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I have always felt a sense of homecoming when walking through the doors of a theatre. Whether in the dusty corners of dressing rooms, the cramped buzzing energy of the wings, or the plush seats of the audience, the theatre holds a promised sense of connectivity. There would always be the eager anticipation of the overture, the stomach-dropping moment of the first entrance, and the electric adrenaline of the applause.  Until one day there wasn’t.  Theatre was suddenly impossible. I felt - as I’m sure many others did - directionless. WIthout the ritualistic rhythm of creativity that the St Andrews theatre scene continuously harbored every semester, I was at a loss for how to fill my time. There was a sense of urgency and hopelessness; people need art the most in times like these, but how can you create when everything has been taken away?

Soon, an upsurge of online theatre began to crowd email inboxes around the world, with promises of a “normal-ish” theatrical experience right from the comfort of your own home. And as they tend to do, these productions evolved. What began as a trend of Zoom play-readings at the beginning of the pandemic transformed into “semi-professional” productions run completely out of people’s homes. There was a sense of camaraderie, as amateur theatre companies grappled with the same issues of producing art online as many of the major production companies, such as SNL or Broadway. While these online shows provided a warped sense of normalcy, they also tended to be tinged with sadness. I watched my brother’s high school spring play end with a Zoom “round of applause” and well wishes from various family members. While great in the moment, when the credits rolled and the camera turned off, everyone was still sitting in the same house that they had been in for months. As these types of performances continued online, the dread of a “new normal” of theatre began to emerge - was this something we had to get used to?

I have heard so many people lament the “death of the arts” in this time of isolation - the fear that theatre will never be what we remember it as, or maybe never return at all.  But the one thing that comforts me is how much theatre and the arts have endured over thousands of years. Theatre was not born of the stages of modern-day Broadway, but in the amphitheaters of 5th century Greece. Art has helped us heal for centuries, giving voice to the emotions of generations past. From this challenge to the survival of theatre, new and innovative ways of connection are born. It is when we need art the most that its strength endures.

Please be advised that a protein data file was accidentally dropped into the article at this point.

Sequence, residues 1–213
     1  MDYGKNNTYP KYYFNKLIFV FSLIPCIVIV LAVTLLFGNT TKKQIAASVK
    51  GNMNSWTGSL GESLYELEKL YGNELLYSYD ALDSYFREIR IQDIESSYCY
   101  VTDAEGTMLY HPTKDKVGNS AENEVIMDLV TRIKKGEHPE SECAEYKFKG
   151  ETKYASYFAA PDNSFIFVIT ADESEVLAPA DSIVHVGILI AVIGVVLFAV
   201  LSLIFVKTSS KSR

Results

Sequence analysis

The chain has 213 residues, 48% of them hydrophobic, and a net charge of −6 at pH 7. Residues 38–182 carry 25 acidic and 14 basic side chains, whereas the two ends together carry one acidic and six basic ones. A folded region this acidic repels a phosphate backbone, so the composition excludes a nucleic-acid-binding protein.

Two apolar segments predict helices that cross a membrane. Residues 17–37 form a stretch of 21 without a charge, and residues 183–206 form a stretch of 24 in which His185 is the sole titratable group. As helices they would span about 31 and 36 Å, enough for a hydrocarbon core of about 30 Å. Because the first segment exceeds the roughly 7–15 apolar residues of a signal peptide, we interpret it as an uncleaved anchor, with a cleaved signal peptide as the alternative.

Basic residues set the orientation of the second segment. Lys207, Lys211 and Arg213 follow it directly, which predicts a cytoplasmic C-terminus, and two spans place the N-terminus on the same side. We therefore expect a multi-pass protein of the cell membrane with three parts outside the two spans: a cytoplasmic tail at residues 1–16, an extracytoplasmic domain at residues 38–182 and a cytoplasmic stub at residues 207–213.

Online theatre is not a replacement for the real thing. No one can pretend that a ring light and an extra top sheet hung on a wall can compare to the glittery world of the “in-person” stage. But online theatre is a testament to the art of theatre itself.  Even in a time of isolation, heartbreak, and fear, people came together however they could to create for others. While I miss the collective energy of the ensemble and the hush that descends over the audience as the lights dim - I know it will be back soon. In the meantime, we have to do what’s necessary to continue to help each other feel connected across closed doors and isolation bubbles. 

This past weekend, a group of friends and I somewhat successfully managed to stage The Last Five Years as a full musical in the bedrooms of team members across the globe. While it will never compare to the real thing, I felt the same sense of love towards everyone that was involved and pride in what we managed to create. In spite of everything, doing an online show made us feel a lot closer. For a moment, the stress of the outside world wasn’t there - all that mattered was the magical lull of the overture letting us feel more powerful than anything keeping us apart.  

Kate Stamoulis

St Andrews '22

Kate Stamoulis is a Chapter Contributor for HC St. Andrews, and is a rising Third Year pursuing a degree in English. Originally from New Canaan, CT, Kate’s passions include theatre, singing, reading, writing (of course), and spending an obscene amount of time quoting old SNL sketches.
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